Santa Barbara County has produced far more total housing units in the unincorporated area over the past seven years than the number required by the state through its Regional Housing Needs Assessment, but it’s falling short of the goal in the very-low-income category, according to a report delivered to the Planning Commission on Feb. 24

The county has met only 36% of the number required for very-low-income housing after approving zero permits at that level for the past two years, according to the annual progress report on implementing the County Comprehensive Plan.

That means the county will have to meet the new RHNA’s higher housing requirements at that income level as well as make up the number it falls short just to stay even, County Planning and Development Department staff told commissioners.

The Regional Housing Needs Assessment set a target of 661 new housing units for the combined very-low-, low- and moderate-income levels for 2014 to 2022, and the county produced 1,401 as of 2020, according to the report presented by planner Corina Venegas.

But the county’s goal was 159 very-low-income units and 106 low-income units for a total of 265, and as of 2020 has produced 58 very-low-income and 119 low-income units for a total of 177.

Venegas said the county will need to provide 100 permanent very-low-income housing units by the end of 2022 to stay even.

Santa Barbara County progress on RHNA targets

A chart presented in a report on Santa Barbara County's progress implementing its Comprehensive Plan shows the Regional Housing Needs Assessment target numbers for new housing units in orange and the actual units produced in blue from 2014 to 2020.

When 1st District Commissioner Michael Cooney asked what penalties the county would face for failing to meet its goal, Dan Klemann, deputy director of the Long Range Planning Division, said it will be falling under the provisions of Senate Bill 35.

SB 35 essentially requires streamlined, ministerial approval of all qualifying housing projects and prevents the county from requiring a conditional use permit or development plan.

Qualified projects would be infill developments on land zoned residential or mixed use with 50% of their units designated “affordable.”

Klemann noted that “for the unincorporated area of the county, there are not too many sites that qualify.”

But he said the Regional Housing Needs Assessment for the next cycle is expected to require 5,664 units, or more than eight times the total required in the last cycle, a number that shocked commissioners.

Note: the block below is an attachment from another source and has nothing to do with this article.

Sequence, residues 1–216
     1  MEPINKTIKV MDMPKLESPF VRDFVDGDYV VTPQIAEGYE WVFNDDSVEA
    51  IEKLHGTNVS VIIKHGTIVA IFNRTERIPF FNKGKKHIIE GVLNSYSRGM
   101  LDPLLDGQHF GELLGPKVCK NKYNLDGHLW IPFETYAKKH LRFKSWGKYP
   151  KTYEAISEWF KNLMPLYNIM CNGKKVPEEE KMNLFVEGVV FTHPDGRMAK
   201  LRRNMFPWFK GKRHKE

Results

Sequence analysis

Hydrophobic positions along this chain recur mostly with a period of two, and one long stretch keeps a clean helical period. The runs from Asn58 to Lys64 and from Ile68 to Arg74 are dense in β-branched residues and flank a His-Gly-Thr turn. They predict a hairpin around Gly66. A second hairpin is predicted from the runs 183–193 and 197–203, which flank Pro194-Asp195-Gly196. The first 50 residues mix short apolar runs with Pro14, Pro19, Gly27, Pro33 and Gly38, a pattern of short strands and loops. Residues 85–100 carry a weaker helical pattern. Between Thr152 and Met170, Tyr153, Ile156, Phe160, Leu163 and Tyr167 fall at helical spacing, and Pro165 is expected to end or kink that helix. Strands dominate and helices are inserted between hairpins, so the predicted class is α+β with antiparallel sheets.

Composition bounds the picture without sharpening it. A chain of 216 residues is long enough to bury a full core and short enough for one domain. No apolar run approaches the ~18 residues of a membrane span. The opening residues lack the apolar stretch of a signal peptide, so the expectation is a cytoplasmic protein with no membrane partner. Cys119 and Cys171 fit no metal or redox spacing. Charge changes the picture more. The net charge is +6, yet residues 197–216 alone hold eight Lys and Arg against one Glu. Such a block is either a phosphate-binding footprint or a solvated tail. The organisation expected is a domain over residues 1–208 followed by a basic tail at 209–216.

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Even worse, Klemann said, the countywide target — which includes the cities — is expected to be 24,856 units.

“Where are we going to put 25,000 houses?” asked Chairman and 4th District Commissioner Larry Ferini. “Are we going to look like Los Angeles?”

Second District Commissioner Laura Bridley questioned how the state could justify such an escalating need for housing when recent reports have shown more people are leaving California than are moving in.

“All the communities we represent are going to suffer because of these state mandates,” she said.

Planning and Development Department Director Lisa Plowman said to meet the state targets, the county has to develop a program to allow higher-density housing in the unincorporated area.

“The shortage [of housing] really comes down to … our existing population and the level of overcrowding that we see,” Plowman said. “It’s quite high — and the cost of housing is quite high.”

Bridley predicted the county will see four units being built on one 8,000-square-foot lot.

“It’s really scary because John Q. Public doesn’t really understand the tidal wave that’s coming down on it,” Bridley said.

Ferini was more pragmatic about it as the commission voted 4-0-1, with 5th District Commissioner Dan Blough absent, to accept the report.

“This is what we have for now, and we just have to deal with it,” he said.

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